First District Congressman Gil Gutknecht hosted House Majority Leader John Boehner today at the student union of Minnesota State University Mankato. About 75 people were in attendance, about a third students, with several more filtering in and out depending upon class schedule. Another dozen or so demonstrators greeted the two congressmen outside the union prior to their presentation.
Gutknecht is a charming spinner of tales with an announcer’s voice and a wry smile. He began with a reference to his new grandson and his optimism for creating a better future for all kids. That said, he declared the U.S. was winning the war on terror despite the problems in Baghdad, and pointed out the positive strides in Kurdish controlled northern Iraq, which he called “an oasis of peace and prosperity.”
He displayed the same optimism about Iran, which he said had more educated young people between the ages of 18 and 30 than any other country in the Middle East. And, he said, “They love the United States.”
Taking the podium, the tanned and polished Boehner said he was number two in a family of 12 kids, the son of Irish Catholic parents who always voted Democrat. But after starting early in business Boehner realized that the more successful he got, the more taxes the government took. His epiphany came in 1978, when he said he had to pay more taxes than he made the previous year. That’s when he became a Republican. “It didn’t make any sense to me,” he said, “that the government was choking the goose that laid the golden egg.”
Boehner tried to separate himself from his predecessor as Majority Leader, Tom Delay, saying he preferred teamwork. He drew an analogy to football, which he termed a game of “blocking, tackling and moving the ball.” He said, “You don’t get ahead by using gimmicks.”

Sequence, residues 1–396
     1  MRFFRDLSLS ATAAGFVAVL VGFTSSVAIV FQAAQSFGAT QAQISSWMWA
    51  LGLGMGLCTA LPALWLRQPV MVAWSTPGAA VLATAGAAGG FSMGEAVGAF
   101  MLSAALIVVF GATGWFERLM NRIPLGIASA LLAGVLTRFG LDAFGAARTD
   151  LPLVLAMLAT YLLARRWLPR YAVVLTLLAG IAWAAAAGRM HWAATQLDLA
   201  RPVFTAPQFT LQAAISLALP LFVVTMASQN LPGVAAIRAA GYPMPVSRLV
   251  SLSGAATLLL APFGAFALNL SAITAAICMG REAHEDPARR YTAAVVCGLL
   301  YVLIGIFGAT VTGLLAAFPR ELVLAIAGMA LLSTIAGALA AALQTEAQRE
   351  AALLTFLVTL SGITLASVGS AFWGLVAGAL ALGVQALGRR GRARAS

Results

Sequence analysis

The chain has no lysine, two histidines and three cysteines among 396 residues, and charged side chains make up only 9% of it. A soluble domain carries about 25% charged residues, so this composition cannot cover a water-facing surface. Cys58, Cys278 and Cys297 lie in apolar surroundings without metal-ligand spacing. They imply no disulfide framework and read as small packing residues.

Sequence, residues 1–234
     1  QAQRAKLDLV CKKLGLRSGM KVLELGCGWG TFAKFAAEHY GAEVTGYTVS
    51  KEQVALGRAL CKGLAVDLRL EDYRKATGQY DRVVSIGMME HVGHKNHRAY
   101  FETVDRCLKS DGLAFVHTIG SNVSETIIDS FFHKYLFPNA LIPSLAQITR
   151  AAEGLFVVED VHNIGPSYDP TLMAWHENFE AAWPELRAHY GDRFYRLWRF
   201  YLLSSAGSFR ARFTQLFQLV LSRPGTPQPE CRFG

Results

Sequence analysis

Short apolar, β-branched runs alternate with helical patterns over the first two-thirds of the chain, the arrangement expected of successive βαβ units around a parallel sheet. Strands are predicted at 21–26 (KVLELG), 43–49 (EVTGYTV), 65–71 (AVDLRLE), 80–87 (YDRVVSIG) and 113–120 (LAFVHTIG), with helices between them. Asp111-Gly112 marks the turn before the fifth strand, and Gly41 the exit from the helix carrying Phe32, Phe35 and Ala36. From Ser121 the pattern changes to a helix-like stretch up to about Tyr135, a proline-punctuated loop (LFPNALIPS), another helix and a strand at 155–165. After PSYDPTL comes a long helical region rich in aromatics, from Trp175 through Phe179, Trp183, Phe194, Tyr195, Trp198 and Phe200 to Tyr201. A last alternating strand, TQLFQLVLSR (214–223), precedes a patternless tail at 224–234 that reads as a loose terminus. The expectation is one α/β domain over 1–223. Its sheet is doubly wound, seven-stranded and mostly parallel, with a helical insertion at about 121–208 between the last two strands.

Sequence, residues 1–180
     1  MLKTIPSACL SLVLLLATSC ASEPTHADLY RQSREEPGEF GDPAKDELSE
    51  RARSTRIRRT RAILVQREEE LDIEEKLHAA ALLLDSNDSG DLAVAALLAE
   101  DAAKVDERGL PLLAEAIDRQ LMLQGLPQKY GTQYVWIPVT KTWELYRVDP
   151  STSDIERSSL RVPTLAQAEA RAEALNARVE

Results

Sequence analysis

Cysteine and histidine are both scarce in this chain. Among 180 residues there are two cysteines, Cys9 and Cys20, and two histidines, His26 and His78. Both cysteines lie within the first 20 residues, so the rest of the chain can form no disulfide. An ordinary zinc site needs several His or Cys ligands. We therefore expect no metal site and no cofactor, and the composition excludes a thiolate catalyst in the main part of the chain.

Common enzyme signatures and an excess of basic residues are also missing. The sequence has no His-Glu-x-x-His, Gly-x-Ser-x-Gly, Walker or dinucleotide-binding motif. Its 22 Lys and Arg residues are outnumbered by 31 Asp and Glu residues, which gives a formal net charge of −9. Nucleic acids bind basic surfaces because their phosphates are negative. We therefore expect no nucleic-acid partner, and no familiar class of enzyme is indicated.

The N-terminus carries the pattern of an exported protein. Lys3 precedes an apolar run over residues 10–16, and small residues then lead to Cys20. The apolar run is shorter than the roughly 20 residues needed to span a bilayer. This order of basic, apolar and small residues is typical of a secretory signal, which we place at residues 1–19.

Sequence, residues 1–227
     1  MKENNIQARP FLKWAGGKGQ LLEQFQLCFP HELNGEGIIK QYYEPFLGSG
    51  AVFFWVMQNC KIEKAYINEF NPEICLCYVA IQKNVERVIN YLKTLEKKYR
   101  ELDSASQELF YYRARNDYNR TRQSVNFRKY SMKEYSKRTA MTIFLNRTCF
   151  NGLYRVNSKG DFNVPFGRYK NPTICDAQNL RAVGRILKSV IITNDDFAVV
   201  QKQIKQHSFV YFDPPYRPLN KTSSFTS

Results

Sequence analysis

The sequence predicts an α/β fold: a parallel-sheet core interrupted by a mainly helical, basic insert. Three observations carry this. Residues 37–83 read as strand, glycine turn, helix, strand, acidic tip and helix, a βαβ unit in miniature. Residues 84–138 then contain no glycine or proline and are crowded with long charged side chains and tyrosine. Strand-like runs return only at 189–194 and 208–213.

Unlike many of his colleagues, he claimed he has never asked for an earmark for his district, a commitment that he made to the voters when he first ran. On immigration, Boehner said the country needs to “seal the border and enforce immigration law.” He pointed out that enforcement has improved as border incursions this year are less than last.
He called the war on terror a “real war with real consequences” that world leaders for too long ignored. After 9/11 the U.S. had “no choice” but to take on terrorism and bring it to an end. “Every intelligence agency in the world said Saddam had WMDs,” he said. And even though the U.S. has made mistakes, “winning the war in Iraq is critical to our efforts.”
In a question and answer session after the remarks, a man identifying himself as a veteran challenged Gutknecht to explain his 20% rating from the Disabled American Veterans. Gutknecht replied that he didn’t know anything about the ratings, but that he does support veterans. “We have never turned our back on wounded vets,” he said. The man walked out.
A student in the room asked about the Foley affair. Boehner said the episode was “abhorrent and reprehensible,” but that the three ongoing investigations would get to the bottom of it. He said the first time he heard about a possible impropriety was in the spring of this year but that he didn’t learn the details till ABC broke the story a few weeks ago.
Students give reasons for attending
Prior to the speakers, I asked two students in the audience why they had come.
Tiffa Scott of Cottage Grove said she favored Republican candidates primarily because of her opposition to abortion and her belief that welfare should “be supportive but not a dependency.” She’s also against same-sex marriage, though she confessed she has a younger brother who is gay. “This country was founded on God,” she said, reflecting the values she was raised on.
Yet she admitted that Congress hadn’t done much for students, citing the high cost of tuition and the fact that student loans were not covering all her expenses.
She also disagreed with the war in Iraq, explaining that her grandmother, who is from Syria, says that Americans are disrespectful of Mideast religion, culture and values. “It’s good they got rid of Saddam,” she said, “but they can’t act like they’re better. They’re egocentric. They think they are superior.”
Bryan Munson, who said he comes from a bipartisan family but usually votes Democrat, came to hear what the “other side” had to say. He said that Iraq was the key issue for him, and while he supported the war at first he thought the U.S. should admit its mistakes and bring the troops home now.
He noted other controversial issues — gay marriage (he supports it), the government’s role in the economy and the environment (“both sides have good arguments”) — but lamented that most students were not politically engaged.